commentary vaccines and unexpected events CORD-Papers-2022-06-02 (Version 1)

Title: Commentary: Vaccines and unexpected events
Published: 2004-04-03
Journal: Int J Epidemiol
DOI: 10.1093/ije/dyh086
DOI_URL: http://doi.org/10.1093/ije/dyh086
Author Name: Hall Andrew
Author link: https://covid19-data.nist.gov/pid/rest/local/author/hall_andrew
sha: 0f7f73f1e2d5b4b10b2b748cce1a9a770a328e18
license: no-cc
license_url: [no creative commons license associated]
source_x: Medline; PMC
source_x_url: https://www.medline.com/https://www.ncbi.nlm.nih.gov/pubmed/
pubmed_id: 15082644
pubmed_id_url: https://www.ncbi.nlm.nih.gov/pubmed/15082644
pmcid: PMC7108564
pmcid_url: https://www.ncbi.nlm.nih.gov/pmc/articles/PMC7108564
url: https://www.ncbi.nlm.nih.gov/pubmed/15082644/
has_full_text: TRUE
Keywords Extracted from Text Content: Guinea Bissau 1 Gambia children Paul Fine coronavirus issue-sadly life-and Ghana antigen Th1/2 measles Aaby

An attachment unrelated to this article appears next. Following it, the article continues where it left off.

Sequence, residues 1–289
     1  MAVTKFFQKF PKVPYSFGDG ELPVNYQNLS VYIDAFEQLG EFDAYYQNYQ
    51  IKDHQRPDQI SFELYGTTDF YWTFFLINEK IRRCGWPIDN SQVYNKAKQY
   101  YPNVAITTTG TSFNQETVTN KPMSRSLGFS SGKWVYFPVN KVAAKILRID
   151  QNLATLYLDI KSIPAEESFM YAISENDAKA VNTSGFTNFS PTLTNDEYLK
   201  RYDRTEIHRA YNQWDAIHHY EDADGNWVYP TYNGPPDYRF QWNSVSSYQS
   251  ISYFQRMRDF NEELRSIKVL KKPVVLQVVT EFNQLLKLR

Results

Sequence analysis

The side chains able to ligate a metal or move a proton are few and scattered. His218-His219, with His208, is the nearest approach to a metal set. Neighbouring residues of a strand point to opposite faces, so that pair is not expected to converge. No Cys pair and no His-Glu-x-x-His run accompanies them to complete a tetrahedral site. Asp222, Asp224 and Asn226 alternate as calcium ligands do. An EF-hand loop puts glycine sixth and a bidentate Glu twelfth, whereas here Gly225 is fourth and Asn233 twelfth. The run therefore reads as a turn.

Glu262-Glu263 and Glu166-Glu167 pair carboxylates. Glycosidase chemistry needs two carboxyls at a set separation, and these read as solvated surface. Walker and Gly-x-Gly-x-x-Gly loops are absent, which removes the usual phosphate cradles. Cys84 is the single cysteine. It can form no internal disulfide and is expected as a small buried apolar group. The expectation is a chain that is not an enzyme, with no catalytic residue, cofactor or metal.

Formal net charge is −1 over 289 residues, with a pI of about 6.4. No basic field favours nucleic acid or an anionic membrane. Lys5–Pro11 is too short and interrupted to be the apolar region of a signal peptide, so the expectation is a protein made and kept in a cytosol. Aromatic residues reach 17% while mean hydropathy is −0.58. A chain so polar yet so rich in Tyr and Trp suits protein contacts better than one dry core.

Extracted Text Content in Record: First 5000 Characters:Exposure to antigenic stimulation of our immune system begins in utero. It intensifies from the moment of birth with multiple infectious stimuli. These infections occur with a range of intensity and in a vast array of sequence. Thus a child may meet respiratory syncytial virus before or after influenza or their first coronavirus. Not only the sequence but the age at which they meet each infection may be critical to how they respond. This is a topic of increasing interest in relation to the Th1/2 paradigm, immunological programming and the epidemic of atopic disorders seen in high and middle income countries. Dissecting out the various influences presents a major challenge to modern epidemiology, not least because of the difficulties of measuring the timing and sequence of infections using current tools. In contrast vaccines are delivered with precise timing and in a known dose. The sequence and age at delivery is frequently recorded. This information can be statistically analysed and related to any outcome. Since vaccines, unlike infections, are deliberately given there is concern that they do not do harm. The public regards them as a much more likely cause of adverse events than the more common infections of childhood. On this background Peter Aaby and his group have been examining the effects of vaccination on mortality over the last two decades. His initial observation of an unexpected effect of high dose Edmondson Zagreb measles vaccine on mortality in Guinea Bissau 1 has undoubtedly been the major source of this interest. That observation was remarkable in that the vaccine given in the first 6 months of life only exerted an effect on mortality in the second year of life-and then much more on girls than boys. The findings were replicated by analysis of trials carried out in Senegal, Haiti, and Sudan. The underlying biological mechanism is still not understood although Aaby has recently published a reanalysis proposing a relationship to the sequence of vaccination. 2 The great strength of that original observation was that it was a randomized trial, and there were other trials in which the finding was replicated. However, since then the group has produced studies that are observational. 3, 4 These studies are much more difficult to evaluate, as has been pointed out by Paul Fine, 5 in particular the reasons for some children to get vaccinated in these societies at that period of time may introduce bias. The justification for the choice of time intervals (why 6 months after diphtheriatetanus-pertussis?) and analytical methods is not always clear. An example of the latter is the use of the last antigen delivered as the determinant of the sex ratio of mortality. It is quite unclear whether this is an artifact of the modelling process or an interesting biological effect. Unfortunately the basis for doing it forms part of a PhD which is not readily accessible. The quality of data on vaccination, as discussed above, compared with that on other variables, may also lead to skew in the analysis. It would be of interest to see the application of a conceptual framework to this data. 6 This would allow a better evaluation of the strength of different aspects of the data. All of this makes it difficult for the reader to assess potential bias and uncontrolled confounding. This situation is made more difficult because there is no independent replication of the findings. Are they likely to be globally applicable? West Africa is unusual in that it has had very high case fatality rates from measles until quite recent times. Peter Aaby made the important observation that this was largely related to where you become infected-the high fatality is associated with transmission occurring at home. 7 West Africa stands out in the world because of the extremely high density of children per dwelling. Could this also be related to these surprising findings? What is the way forward? WHO had an independent assessment made of the data by consultants sent to Guinea Bissau. They have funded studies in other parts of the world including Bangladesh. These should soon be in print and should resolve at least whether this is a global problem. In West Africa there needs to be analysis of other demographic surveillance systems that can address this issue, such exist in Ghana and The Gambia, and this needs to be done independently of Peter Aaby and his group. The ultimate answer is to reduce mortality to the point at which these effects are not an issue-sadly that seems unlikely-particularly in the war torn countries of sub-Saharan Africa. Ironically the best hope of doing so is with vaccines!